Self-Esteem and Achievement Motivation as Predictors of Perceived Sense of Competence among Workers in a Nigerian University Teaching Hospital
This study explored the relationship between self-esteem, achievement motivation and perceived sense of competence among workers in a Nigerian university teaching hospital. Using a correlational design, one hundred and seventy (n=170) workers selected from different sections and clinics at a University teaching hospital in a south western state in Nigeria participated in the study. They comprised of males 85 (50%) and females 85 (50%) with ages ranged between 20 years and 55 years, and a mean of 32.39 years (SD= 7.13). The following instruments were used for data collection: self esteem scale developed by Adanijo and Oyefeso (1986), need for achievement scale developed by Edward (1954), perceived sense of competence scale developed by Wagner and Morse (1975) and modified by Synder and Morris (1978). Five hypotheses were tested using correlational statistics such as the Pearson r, Simple linear multiple regeression, independent t-test, and One-Way analysis of Variance. Results revealed that a positive relationship existed between achievement motivation (r = .52; p<.01), self esteem (r = .65; p<.01), and perceived sense of competence. There was a significant joint influence of achievement motivation, self-esteem, age and years of experience on perceived sense of competence (R2 = .55; F (4, 165) = 51.10; p<.001). In addition, the independent contributions show significant independent influence of achievement motivation (ß=.37; t = 6.55; p<.001), self-esteem (ß=.59; t = 9.90; p<.001), and age (ß=-.16; t = 2.80; p<.01) on perceived sense of competence. The meaning behind achievement motivation and self-esteem in relationship to perceived sense of competence is discussed, as well as the implication for these factors in enhancing the perceived sense of competence among workers. This will enable researchers and human resource professionals to look at the relationships among these variables in detail.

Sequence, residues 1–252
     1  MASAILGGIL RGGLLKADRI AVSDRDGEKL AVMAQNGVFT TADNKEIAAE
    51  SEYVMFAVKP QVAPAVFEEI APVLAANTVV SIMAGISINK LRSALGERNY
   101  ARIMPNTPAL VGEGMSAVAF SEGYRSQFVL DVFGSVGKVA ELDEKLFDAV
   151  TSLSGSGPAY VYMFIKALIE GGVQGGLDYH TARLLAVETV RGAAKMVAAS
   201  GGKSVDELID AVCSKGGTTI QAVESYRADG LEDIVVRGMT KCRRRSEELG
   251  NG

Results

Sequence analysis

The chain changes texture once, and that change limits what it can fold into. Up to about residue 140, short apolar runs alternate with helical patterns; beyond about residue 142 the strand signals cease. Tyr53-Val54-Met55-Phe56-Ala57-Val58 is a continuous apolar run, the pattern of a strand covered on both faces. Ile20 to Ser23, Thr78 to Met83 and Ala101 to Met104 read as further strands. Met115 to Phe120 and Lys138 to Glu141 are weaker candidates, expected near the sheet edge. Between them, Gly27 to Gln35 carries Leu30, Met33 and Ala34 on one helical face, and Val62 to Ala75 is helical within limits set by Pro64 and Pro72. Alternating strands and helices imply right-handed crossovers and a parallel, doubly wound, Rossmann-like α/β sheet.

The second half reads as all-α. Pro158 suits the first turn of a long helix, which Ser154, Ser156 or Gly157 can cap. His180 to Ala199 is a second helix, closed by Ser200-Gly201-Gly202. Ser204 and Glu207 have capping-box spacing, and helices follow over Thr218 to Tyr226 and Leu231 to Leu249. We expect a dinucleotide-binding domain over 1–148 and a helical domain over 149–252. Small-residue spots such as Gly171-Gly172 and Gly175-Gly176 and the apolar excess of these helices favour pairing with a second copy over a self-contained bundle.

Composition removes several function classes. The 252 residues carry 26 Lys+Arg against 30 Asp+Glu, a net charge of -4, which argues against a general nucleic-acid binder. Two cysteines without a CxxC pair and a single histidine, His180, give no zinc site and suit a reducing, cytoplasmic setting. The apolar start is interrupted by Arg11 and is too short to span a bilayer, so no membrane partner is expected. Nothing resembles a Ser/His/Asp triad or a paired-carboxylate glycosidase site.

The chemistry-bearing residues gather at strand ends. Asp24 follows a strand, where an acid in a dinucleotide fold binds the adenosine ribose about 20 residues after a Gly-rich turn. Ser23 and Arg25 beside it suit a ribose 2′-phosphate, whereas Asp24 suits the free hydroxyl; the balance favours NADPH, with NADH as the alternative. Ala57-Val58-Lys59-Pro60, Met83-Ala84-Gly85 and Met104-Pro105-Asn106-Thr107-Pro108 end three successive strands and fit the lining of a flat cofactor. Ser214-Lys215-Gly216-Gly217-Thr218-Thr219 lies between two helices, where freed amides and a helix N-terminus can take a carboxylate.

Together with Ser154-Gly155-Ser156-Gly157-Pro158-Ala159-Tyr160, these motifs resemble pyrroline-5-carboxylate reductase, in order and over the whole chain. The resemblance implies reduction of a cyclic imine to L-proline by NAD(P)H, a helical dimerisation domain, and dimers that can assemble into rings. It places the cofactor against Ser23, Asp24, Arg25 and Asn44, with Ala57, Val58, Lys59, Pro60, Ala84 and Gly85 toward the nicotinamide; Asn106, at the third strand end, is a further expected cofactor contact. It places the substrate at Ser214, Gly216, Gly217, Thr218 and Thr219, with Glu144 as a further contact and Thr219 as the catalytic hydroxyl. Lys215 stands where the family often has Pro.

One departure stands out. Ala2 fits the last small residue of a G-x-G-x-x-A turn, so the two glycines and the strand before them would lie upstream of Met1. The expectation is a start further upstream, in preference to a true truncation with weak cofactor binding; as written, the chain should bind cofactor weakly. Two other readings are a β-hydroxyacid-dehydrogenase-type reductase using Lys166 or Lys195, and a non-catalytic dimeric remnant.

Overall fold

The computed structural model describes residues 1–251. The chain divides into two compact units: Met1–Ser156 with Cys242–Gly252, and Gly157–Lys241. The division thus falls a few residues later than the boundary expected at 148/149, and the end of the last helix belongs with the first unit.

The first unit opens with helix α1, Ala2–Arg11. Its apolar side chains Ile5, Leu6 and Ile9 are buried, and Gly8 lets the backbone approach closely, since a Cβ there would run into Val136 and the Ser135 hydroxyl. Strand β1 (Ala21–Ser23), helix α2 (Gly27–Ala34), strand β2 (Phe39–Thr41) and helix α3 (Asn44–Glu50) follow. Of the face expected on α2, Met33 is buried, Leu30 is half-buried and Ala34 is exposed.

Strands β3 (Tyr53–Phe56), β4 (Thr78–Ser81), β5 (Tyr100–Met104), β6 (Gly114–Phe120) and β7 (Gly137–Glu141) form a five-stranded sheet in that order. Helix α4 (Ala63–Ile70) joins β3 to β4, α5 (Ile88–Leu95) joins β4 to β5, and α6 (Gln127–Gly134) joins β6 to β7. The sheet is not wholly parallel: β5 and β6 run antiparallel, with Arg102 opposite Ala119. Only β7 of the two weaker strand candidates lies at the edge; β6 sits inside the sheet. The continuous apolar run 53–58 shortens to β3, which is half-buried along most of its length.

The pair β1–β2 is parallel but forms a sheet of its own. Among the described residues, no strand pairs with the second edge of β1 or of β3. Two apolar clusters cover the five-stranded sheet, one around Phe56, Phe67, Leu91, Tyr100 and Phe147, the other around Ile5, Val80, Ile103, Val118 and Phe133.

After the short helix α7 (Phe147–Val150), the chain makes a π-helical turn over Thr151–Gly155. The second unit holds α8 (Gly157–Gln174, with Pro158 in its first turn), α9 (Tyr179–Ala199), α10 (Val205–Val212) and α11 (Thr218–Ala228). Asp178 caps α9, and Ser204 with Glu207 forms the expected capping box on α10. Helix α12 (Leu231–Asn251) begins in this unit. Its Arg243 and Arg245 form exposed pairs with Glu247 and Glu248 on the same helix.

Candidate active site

African Research Review. ISSN: 1994-9057